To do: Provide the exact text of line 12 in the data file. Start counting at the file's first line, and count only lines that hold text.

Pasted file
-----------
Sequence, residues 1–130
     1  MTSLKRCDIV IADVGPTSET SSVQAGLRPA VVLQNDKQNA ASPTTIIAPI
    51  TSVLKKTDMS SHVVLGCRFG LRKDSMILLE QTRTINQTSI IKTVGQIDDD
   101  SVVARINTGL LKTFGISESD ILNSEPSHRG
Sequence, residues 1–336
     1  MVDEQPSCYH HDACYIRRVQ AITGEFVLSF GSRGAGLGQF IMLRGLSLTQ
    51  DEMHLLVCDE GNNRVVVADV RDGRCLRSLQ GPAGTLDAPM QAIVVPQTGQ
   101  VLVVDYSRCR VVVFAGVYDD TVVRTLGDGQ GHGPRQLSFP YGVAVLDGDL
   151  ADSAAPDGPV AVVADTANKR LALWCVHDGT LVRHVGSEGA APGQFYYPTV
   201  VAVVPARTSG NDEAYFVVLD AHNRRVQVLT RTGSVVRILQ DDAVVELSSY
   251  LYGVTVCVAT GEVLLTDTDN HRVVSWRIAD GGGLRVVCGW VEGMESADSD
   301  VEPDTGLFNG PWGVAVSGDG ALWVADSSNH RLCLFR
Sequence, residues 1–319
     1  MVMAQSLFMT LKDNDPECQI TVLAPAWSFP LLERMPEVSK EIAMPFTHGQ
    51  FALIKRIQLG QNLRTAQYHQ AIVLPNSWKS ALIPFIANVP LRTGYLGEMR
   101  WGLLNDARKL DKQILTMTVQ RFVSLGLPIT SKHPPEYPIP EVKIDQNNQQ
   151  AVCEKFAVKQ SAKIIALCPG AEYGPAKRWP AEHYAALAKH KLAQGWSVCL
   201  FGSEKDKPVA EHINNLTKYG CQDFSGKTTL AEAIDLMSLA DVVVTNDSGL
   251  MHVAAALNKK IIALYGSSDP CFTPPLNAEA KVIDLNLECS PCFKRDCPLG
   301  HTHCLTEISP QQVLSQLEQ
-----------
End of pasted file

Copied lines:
   301  VEPDTGLFNG PWGVAVSGDG ALWVADSSNH RLCLFR